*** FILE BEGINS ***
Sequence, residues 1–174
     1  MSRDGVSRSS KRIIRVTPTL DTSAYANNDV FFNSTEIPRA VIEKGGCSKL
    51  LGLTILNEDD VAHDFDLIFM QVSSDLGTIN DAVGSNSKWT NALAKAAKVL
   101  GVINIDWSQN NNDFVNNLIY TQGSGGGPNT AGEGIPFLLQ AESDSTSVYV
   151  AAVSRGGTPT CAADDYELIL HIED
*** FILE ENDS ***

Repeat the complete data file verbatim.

Sequence, residues 1–174
     1  MSRDGVSRSS KRIIRVTPTL DTSAYANNDV FFNSTEIPRA VIEKGGCSKL
    51  LGLTILNEDD VAHDFDLIFM QVSSDLGTIN DAVGSNSKWT NALAKAAKVL
   101  GVINIDWSQN NNDFVNNLIY TQGSGGGPNT AGEGIPFLLQ AESDSTSVYV
   151  AAVSRGGTPT CAADDYELIL HIED